Research activity in PAM is focused for the most part on the development of advanced materials, particularly for applications in nanotechnology, architectural lighting and energy efficiency.
This research ranges from fundamental questions about the nature of materials to development of new technologies, and uses techniques ranging from computational quantum chemical calculations right through to on-site measurements of, for example, heat flow and energy efficiency in a building.
Extensive, state-of-the-art experimental and computational facilities are available to researchers in the School through the UTS: Science's Microstructural Analysis Unit and through external links to the National Computational Infrastructure and NSW Intersect consortium.
A number of the research projects involve close links with industry where significant interaction between the School and other organisations such as CSIRO, ANSTO, the Bureau of Meteorology, and other Australian universities are maintained on an ongoing basis.
The School's research themes are listed below. Note that many of the individual research projects are actually overlapped over two or more themes:
- Physics of light-emitting semiconductors
- Architectural physics and energy efficiency
- Optical properties of nanostructures and nanomaterials
- Computational modelling of nanomaterial systems
- Material fabrication and characterisation by charged particle beams in reactive gaseous environments
Light-emitting diodes (LEDs), and the semiconducting materials from which they are made, have become an ubiquitous ingredient in modern telecommunications, computing and entertainment technology. These materials can also be used for energy efficient lighting in homes and offices, however widespread application of them in this role will require that certain scientific and technical challenges be solved first.
In this research theme PAM researchers are investigating the mechanisms by which light is generated and emitted by semiconductors, with a view to solving the problems that currently prevent the remarkable theoretical efficiency of these devices from being realised.
Contact: Prof. Matthew Phillips
There are an amazing number of ways in which energy is wasted in homes and offices. In this research theme many of the systems used in buildings, and the materials from which they are made, are being studied with the objective of enhancing energy efficiency. Improvement to the spectral selectivity of windows, roofs and other exterior surfaces has been identified as one of the most significant and readily accessible ways to reduce energy consumption. Special coating materials have been developed that can reflect heat or even cool a building.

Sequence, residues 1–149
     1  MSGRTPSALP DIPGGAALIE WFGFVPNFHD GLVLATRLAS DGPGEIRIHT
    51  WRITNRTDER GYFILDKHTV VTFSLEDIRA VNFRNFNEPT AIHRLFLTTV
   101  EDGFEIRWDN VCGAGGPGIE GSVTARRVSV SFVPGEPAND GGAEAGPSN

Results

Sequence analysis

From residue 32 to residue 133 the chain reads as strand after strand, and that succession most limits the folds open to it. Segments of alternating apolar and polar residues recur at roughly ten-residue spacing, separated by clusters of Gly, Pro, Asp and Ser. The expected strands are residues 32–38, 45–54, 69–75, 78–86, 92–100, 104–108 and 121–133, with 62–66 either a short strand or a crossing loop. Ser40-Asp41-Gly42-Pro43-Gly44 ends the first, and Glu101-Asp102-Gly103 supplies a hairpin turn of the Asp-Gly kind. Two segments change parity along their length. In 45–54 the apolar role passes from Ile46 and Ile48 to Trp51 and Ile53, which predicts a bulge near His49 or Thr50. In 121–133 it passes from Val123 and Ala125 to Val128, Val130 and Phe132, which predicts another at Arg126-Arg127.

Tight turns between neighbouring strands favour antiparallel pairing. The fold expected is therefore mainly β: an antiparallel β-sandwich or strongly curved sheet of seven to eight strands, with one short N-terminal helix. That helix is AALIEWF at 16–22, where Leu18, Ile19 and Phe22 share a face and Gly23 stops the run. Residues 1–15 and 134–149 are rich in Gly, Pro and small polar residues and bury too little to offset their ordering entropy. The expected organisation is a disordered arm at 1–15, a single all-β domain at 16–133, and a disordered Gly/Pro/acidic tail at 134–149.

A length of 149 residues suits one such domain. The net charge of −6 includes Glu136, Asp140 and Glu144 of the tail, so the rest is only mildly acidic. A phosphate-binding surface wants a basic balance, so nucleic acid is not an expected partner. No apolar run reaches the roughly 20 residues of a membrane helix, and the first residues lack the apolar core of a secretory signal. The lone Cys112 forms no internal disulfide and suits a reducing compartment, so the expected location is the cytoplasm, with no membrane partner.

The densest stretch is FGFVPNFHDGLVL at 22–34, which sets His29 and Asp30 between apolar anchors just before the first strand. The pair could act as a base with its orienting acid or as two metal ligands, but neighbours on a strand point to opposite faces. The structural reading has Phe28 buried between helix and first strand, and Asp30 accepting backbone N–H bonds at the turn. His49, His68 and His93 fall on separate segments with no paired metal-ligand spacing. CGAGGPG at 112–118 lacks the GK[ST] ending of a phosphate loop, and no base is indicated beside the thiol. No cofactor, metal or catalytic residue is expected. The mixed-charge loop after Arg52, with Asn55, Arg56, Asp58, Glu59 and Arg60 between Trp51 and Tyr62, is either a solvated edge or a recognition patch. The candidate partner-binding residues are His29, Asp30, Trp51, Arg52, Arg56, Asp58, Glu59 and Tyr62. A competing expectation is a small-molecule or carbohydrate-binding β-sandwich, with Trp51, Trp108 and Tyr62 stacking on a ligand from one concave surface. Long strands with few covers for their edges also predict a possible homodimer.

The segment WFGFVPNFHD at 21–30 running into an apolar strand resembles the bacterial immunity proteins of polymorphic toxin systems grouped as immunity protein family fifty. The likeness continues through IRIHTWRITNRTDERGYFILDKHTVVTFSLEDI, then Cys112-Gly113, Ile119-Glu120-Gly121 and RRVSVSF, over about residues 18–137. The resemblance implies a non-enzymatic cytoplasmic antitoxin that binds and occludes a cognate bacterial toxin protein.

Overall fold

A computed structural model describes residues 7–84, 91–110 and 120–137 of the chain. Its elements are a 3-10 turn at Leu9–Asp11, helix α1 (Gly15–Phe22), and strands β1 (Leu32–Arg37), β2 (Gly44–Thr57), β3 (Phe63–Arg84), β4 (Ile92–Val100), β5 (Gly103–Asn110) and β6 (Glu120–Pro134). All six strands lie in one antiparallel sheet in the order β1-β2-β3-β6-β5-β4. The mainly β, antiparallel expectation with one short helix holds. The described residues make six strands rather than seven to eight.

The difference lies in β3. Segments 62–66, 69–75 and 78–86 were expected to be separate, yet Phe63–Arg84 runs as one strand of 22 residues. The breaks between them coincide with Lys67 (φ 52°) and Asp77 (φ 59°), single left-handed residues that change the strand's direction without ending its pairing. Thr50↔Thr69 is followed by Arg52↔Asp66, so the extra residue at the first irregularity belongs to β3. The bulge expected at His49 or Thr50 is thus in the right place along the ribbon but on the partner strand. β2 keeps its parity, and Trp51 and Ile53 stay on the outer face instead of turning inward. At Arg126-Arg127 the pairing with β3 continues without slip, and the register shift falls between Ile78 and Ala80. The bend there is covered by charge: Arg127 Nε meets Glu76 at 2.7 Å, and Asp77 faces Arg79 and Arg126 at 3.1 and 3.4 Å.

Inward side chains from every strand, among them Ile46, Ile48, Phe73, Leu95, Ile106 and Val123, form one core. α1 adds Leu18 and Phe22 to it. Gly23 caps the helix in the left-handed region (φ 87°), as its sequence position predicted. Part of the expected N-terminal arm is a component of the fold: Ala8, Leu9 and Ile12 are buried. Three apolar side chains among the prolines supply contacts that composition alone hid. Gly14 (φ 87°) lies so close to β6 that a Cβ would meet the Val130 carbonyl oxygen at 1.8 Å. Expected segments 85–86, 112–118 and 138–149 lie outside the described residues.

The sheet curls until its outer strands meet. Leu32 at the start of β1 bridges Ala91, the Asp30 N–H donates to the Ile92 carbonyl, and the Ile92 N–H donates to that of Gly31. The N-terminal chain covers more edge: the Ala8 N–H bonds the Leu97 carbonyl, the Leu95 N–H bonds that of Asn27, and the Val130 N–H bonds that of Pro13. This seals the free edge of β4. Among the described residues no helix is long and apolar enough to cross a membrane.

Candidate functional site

Other research in this theme has focussed on new technologies to enhance indoor lighting. Much of the research in this theme has been conducted in collaboration with external partners.
Contact: Prof. Geoffrey B. Smith
Nanostructures and nanomaterials often have optical properties that are quite different to the bulk materials of the same chemical composition. New phenomena such as plasmon resonances can be exploited to produce useful and interesting new effects, such as plasmonic heating. The latter, for example, could be combined in principle with antibody-targeting to fight disease.
Plasmon resonances can also be exploited in a new generation of sensors and, potentially, telecommunication and logic devices. Spectral-selectivity is another useful aspect of some nanomaterials or nanostructures. Researchers operating in this theme are also interested in the synthesis and practical application of nanomaterials.
Contact: Prof. Michael Cortie
In this theme the properties of advanced materials are being investigated using a range of mathematical techniques, including state-of-the-art quantum chemical simulations. Not only do the calculations provide insights into material behaviour that cannot be obtained by experimental techniques, but they can also be performed on material systems that are very difficult or expensive to make in the laboratory. The projects in this theme are closely coupled to those of the other themes listed here.
Contact: A/Prof. Mike Ford
Material fabrication and characterisation by charged particle beams in reactive gaseous environments
Nanostructured materials can be fabricated and characterised with unprecedented flexibility using highly focused charged particle beams in reactive gaseous environments. We develop nano-scale electron and ion beam driven chemical processes and applications to advanced optoelectronic systems. Examples include bottom-up growth of 2 and 3 dimensional nanostructures, contacting of nanotubes and nanowires, and localised chemical etching of aerogels, oxides, graphene, diamond and other semiconductors.
The beams used for material fabrication are also used for imaging with an emphasis on novel contrast mechanisms that carry information on the electronic and defect structure of optoelectronic materials. Electron imaging is complemented by chemical, elemental and optoelectronic analysis techniques which are being applied to dynamic systems by performing processes like chemical vapor deposition inside electron microscopes. This work is conducted in close collaboration with FEI Company, a leading international microscope manufacturer of charged particle beam systems.
Contact: Prof. Milos Toth